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British Women's Writing, 1930 to 1960Between the Waves$
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Sue Kennedy and Jane Thomas

Print publication date: 2020

Print ISBN-13: 9781789621822

Published to Liverpool Scholarship Online: May 2021

DOI: 10.3828/liverpool/9781789621822.001.0001

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PRINTED FROM LIVERPOOL SCHOLARSHIP ONLINE (www.liverpool.universitypressscholarship.com). (c) Copyright Liverpool University Press, 2021. All Rights Reserved. An individual user may print out a PDF of a single chapter of a monograph in LSO for personal use.date: 28 July 2021

Pacifism, Fascism and the Crisis of Civilization

Pacifism, Fascism and the Crisis of Civilization

Vera Brittain, Storm Jameson and Nancy Mitford in the 1930s

(p.37) Chapter Two Pacifism, Fascism and the Crisis of Civilization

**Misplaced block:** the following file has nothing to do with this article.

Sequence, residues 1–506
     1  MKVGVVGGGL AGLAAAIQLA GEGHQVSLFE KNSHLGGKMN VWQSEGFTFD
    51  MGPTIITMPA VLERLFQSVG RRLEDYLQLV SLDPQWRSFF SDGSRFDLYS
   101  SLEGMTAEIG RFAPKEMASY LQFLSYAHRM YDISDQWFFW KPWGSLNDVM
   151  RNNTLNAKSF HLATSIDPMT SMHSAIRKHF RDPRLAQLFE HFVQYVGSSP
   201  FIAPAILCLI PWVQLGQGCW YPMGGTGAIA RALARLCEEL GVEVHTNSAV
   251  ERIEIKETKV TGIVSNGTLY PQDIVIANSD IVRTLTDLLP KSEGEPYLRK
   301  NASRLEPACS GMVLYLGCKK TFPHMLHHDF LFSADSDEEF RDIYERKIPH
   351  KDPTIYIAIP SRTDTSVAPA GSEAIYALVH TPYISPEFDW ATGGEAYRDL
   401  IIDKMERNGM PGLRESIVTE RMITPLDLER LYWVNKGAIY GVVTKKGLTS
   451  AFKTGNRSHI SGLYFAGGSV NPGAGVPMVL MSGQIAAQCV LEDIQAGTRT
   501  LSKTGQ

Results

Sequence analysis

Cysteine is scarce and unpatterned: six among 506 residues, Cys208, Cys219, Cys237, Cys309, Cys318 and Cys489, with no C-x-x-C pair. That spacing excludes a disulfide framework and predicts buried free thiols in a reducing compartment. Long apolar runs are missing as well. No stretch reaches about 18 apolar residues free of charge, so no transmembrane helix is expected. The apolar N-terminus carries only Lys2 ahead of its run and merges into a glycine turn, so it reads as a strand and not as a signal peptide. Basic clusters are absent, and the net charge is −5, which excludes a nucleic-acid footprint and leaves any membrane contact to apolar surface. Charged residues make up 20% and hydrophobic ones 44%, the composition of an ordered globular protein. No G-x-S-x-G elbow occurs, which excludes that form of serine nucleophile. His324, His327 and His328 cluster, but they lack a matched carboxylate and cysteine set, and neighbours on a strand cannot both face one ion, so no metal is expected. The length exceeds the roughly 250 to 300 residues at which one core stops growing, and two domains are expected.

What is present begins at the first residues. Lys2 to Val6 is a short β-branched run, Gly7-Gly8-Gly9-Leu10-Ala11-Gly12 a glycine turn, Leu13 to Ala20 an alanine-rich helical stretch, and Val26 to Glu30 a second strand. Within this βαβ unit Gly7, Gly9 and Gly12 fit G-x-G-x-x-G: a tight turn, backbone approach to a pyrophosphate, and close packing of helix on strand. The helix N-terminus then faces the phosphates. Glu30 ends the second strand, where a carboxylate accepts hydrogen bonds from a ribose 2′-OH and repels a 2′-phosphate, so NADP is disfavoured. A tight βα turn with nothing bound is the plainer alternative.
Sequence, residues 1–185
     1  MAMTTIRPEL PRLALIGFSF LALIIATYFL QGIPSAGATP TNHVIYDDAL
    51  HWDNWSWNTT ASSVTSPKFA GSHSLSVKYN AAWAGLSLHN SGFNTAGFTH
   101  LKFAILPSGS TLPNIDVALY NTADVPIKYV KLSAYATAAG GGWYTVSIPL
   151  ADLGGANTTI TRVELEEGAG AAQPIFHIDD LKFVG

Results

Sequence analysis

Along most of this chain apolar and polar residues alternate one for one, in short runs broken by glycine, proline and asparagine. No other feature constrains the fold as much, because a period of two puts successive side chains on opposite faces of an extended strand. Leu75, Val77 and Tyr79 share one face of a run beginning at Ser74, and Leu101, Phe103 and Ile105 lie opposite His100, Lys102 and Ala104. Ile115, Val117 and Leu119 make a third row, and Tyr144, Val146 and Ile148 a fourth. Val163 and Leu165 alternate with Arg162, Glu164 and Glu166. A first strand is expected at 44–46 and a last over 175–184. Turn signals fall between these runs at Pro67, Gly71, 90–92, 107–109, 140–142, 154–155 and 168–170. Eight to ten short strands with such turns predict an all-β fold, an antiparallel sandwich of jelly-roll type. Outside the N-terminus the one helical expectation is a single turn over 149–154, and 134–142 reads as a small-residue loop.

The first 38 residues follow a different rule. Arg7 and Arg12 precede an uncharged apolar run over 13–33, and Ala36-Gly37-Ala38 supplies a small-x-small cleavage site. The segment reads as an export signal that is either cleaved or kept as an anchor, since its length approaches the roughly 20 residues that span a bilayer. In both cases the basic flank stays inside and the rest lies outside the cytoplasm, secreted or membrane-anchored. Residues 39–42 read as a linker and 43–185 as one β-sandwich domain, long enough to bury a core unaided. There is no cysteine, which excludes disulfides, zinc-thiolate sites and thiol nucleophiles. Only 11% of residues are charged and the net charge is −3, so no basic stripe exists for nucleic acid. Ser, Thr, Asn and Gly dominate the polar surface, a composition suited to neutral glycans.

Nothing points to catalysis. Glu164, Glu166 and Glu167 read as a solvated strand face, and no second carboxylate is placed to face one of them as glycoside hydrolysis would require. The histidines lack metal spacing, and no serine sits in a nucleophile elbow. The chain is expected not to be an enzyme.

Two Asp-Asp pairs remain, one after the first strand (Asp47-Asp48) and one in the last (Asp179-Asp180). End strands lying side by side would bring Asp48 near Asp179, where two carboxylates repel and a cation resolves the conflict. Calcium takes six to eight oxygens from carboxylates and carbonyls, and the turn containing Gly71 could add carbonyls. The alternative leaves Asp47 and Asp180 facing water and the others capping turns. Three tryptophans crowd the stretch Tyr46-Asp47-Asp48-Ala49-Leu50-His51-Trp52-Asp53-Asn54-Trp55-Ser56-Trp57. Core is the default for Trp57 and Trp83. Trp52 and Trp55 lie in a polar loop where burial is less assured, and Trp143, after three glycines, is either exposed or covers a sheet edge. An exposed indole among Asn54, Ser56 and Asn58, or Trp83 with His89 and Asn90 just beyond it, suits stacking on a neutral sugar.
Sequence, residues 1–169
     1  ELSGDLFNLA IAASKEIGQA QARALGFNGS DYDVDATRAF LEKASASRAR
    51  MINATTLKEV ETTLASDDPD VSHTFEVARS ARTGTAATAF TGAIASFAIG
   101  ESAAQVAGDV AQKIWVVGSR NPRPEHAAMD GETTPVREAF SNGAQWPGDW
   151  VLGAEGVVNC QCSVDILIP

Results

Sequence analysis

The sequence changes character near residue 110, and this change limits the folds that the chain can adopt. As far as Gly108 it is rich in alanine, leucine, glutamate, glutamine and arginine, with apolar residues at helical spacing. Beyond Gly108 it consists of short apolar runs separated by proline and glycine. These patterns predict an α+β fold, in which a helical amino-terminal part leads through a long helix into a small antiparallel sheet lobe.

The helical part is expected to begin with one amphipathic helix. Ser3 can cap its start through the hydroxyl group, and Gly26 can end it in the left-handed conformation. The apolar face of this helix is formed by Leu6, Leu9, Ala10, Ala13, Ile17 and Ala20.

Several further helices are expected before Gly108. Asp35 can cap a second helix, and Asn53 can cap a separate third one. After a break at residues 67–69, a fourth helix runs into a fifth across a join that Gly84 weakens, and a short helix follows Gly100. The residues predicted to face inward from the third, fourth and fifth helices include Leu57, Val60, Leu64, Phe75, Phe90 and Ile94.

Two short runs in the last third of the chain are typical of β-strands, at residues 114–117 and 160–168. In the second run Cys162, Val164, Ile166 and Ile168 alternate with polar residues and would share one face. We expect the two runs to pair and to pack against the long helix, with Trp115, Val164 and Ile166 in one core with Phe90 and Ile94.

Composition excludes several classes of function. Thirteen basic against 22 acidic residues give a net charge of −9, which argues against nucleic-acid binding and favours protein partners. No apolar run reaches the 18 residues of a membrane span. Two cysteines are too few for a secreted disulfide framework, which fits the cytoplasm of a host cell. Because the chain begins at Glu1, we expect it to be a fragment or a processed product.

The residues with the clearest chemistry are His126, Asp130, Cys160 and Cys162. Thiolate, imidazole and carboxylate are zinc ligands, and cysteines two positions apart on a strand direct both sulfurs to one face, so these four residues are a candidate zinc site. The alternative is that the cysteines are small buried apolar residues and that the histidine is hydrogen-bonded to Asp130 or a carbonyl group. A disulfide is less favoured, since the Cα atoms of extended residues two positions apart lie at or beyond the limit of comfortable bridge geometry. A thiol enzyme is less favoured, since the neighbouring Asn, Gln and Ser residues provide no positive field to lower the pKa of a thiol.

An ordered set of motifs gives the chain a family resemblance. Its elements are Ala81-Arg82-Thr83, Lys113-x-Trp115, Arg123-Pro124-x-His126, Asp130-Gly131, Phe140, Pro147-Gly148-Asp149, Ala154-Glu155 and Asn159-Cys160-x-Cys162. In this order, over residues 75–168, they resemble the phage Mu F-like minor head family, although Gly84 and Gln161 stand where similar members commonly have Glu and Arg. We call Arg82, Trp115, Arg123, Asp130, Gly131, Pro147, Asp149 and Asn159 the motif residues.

British Women's Writing, 1930 to 1960

Natasha Periyan

Liverpool University Press

Natasha Periyan examines the early 1930s’ novels of Nancy Mitford, Storm Jameson (and Jameson’s edited collection Challenge to Death) alongside Vera Brittain’s Testament of Youth and material from their letters, articles and archives to demonstrate how, through a feminist critique of masculinist, heroic militaristic traditions, these writers also explore the relative appeal of pacifism and fascism. Jameson and Brittain call for the sustained application of the intellect in the ‘war against war’, while Mitford dissects the powerful unifying appeal of fascism as a spectacle and a response to perceived political inertia. Where Jameson’s work reflects the disillusionment of the age, Brittain demands a rational, logical pacifism lamenting the tragic naivety of the ‘lost generation,’ while Mitford’s satire on fascist rhetoric reveals its communitarian ethos. The decline of the British Empire also resulted in the post-war migration of British writers to London, the literary and cultural capital of the empire.

Keywords:   Storm Jameson, Nancy Mitford, Vera Brittain, masculinist, militaristic, pacifism, fascism, lost generation, war, 1930s

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